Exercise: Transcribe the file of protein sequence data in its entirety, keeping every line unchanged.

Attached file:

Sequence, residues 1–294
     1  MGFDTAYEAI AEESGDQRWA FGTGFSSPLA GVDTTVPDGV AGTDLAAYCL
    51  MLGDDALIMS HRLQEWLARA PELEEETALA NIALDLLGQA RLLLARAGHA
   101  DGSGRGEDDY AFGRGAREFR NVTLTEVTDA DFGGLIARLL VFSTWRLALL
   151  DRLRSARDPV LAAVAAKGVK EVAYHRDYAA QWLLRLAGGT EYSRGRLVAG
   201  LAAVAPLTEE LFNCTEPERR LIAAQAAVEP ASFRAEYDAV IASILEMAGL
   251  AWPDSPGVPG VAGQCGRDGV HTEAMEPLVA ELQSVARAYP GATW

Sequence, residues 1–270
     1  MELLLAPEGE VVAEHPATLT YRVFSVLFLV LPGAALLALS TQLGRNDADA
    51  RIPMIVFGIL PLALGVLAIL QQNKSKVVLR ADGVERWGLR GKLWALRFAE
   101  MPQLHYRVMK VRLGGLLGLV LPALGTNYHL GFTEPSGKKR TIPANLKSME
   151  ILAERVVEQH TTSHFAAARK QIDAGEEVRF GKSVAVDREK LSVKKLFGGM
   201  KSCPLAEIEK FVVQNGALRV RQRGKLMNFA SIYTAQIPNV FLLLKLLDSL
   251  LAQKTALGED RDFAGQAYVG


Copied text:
Sequence, residues 1–294
     1  MGFDTAYEAI AEESGDQRWA FGTGFSSPLA GVDTTVPDGV AGTDLAAYCL
    51  MLGDDALIMS HRLQEWLARA PELEEETALA NIALDLLGQA RLLLARAGHA
   101  DGSGRGEDDY AFGRGAREFR NVTLTEVTDA DFGGLIARLL VFSTWRLALL
   151  DRLRSARDPV LAAVAAKGVK EVAYHRDYAA QWLLRLAGGT EYSRGRLVAG
   201  LAAVAPLTEE LFNCTEPERR LIAAQAAVEP ASFRAEYDAV IASILEMAGL
   251  AWPDSPGVPG VAGQCGRDGV HTEAMEPLVA ELQSVARAYP GATW

Sequence, residues 1–270
     1  MELLLAPEGE VVAEHPATLT YRVFSVLFLV LPGAALLALS TQLGRNDADA
    51  RIPMIVFGIL PLALGVLAIL QQNKSKVVLR ADGVERWGLR GKLWALRFAE
   101  MPQLHYRVMK VRLGGLLGLV LPALGTNYHL GFTEPSGKKR TIPANLKSME
   151  ILAERVVEQH TTSHFAAARK QIDAGEEVRF GKSVAVDREK LSVKKLFGGM
   201  KSCPLAEIEK FVVQNGALRV RQRGKLMNFA SIYTAQIPNV FLLLKLLDSL
   251  LAQKTALGED RDFAGQAYVG